Scriptural%20Texts%20pt.2

Scriptural%20Texts%20pt.2 - Scriptural Texts, pt. 2...

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Unformatted text preview: Scriptural Texts, pt. 2 Scriptural Texts, pt. 2 The Bhagavad­Gita India’s Heroic Age (contextual analysis) India’s Heroic Age (contextual analysis) Vedas (Hinduism’s primary scripture; four books of hymns) Ritualistic Upanisads (mystic Upanisads doctrines)— Rejection of ritual and more philosophical Two major epics: Ramayana and Mahabharata Hinduism­­dharma Hinduism­­ Proper human conduct/social duty Four “classes” of society: 1. Learned or priestly (brahman) 2. Warrior/administrator 3. Merchant/farmer 4. Laborer Karma Karma All deeds (good or bad) have results. Soul is trapped in an endless cycle of birth and death. Suffering is caused by action/deeds. Buddhism Buddhism Brahman—single divine essence Human soul is manifestation of that essence Liberation from karma though identifying oneself with the pure self Brahman (718). Bhagavad­Gita Bhagavad­Gita ► 1st cent B.C.E ► Poem in 18 chapters ► Part of the Sanskrit epic the Mahabharata. ► Anonymous author ► Compromise between caste social duty and personal spiritual duty (p. 763) Compromise Compromise Hinduism Buddhism Gita Suffering must be endured and one must exhaust karma to achieve moksa It is possible to be liberated from the cycle of karma though identifying oneself with the pure self, Integrates the older Hindu theory of karma with the new Buddhist teaching of salvation Dharma and karma Dharma and karma in Gita? Arjuna worries his dharma (duty as a soldier), which involves taking a human life would entail evil karma. Dharma and karma Dharma and karma in your life? What insight might Bhagavad­ Gita provide about how to resolve conflict? Textual analysis Textual analysis Rhetorical aspects of the poem? • Dialogue (concrete representation of abstract ideas) • Repetition • How this text connects with forms used in Hindu scripture Thematic analysis Thematic analysis “Be intent on action, not on the fruits of action” (770). ► “Knowledge is obscured by the wise man’s eternal enemy, which takes form as desire” (774) (discipline) ► Thematic Analysis Thematic Analysis ► How does Bhagavad­Gita relate to our themes of peace and justice? ► Influence of Gita (Thoreau and Ghandi) ► Comparisons between Gita and other texts? ► Contemporary relevance of the text? How is peace sought? How is peace sought? According to the Torah? According to the Koran? According to ...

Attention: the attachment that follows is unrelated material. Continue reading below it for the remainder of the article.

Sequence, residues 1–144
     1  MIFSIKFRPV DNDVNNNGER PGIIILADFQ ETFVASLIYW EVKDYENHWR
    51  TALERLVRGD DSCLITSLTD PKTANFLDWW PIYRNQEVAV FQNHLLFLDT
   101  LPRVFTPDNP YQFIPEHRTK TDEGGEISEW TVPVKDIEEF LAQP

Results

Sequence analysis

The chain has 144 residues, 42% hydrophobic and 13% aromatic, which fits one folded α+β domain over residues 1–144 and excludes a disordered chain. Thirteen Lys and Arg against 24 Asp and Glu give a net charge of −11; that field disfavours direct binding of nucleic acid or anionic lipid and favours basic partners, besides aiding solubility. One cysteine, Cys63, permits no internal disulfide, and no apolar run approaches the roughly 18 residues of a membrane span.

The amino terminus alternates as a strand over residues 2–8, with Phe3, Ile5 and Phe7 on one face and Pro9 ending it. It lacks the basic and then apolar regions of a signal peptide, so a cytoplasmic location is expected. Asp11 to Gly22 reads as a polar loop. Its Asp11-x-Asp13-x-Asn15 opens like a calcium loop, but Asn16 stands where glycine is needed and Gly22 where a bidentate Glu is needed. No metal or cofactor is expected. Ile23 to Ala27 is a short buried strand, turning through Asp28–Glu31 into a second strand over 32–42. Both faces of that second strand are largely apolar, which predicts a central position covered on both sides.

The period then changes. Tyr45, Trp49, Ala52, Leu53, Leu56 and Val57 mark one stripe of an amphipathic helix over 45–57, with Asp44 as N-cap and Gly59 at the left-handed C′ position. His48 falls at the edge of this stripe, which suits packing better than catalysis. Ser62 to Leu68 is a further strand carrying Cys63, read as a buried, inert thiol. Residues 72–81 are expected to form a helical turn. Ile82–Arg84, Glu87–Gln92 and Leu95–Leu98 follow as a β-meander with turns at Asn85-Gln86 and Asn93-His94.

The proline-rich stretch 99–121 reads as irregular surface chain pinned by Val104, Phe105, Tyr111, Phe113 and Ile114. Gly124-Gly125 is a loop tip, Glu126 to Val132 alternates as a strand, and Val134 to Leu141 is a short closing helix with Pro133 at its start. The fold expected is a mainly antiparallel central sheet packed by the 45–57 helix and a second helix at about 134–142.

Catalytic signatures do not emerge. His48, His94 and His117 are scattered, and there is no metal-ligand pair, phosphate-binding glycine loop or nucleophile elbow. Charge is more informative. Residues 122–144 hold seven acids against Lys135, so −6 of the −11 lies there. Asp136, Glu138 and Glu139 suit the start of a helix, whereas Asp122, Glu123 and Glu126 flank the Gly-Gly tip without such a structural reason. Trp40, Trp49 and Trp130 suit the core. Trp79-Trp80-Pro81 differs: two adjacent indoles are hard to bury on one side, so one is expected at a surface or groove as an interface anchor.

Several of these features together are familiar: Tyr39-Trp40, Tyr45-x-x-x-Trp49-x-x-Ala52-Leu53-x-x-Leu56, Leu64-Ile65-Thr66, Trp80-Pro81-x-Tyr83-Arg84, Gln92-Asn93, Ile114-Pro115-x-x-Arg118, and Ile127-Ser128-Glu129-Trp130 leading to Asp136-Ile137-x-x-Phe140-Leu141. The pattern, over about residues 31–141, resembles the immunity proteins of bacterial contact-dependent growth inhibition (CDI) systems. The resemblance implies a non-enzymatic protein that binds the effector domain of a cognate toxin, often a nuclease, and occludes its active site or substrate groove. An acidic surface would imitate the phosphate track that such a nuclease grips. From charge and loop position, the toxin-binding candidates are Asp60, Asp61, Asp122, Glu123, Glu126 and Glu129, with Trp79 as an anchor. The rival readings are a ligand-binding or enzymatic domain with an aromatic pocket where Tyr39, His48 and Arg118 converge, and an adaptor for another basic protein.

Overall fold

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This note was uploaded on 11/15/2011 for the course ENGL 2110 taught by Professor Sadre-orafai during the Fall '08 term at Kennesaw.

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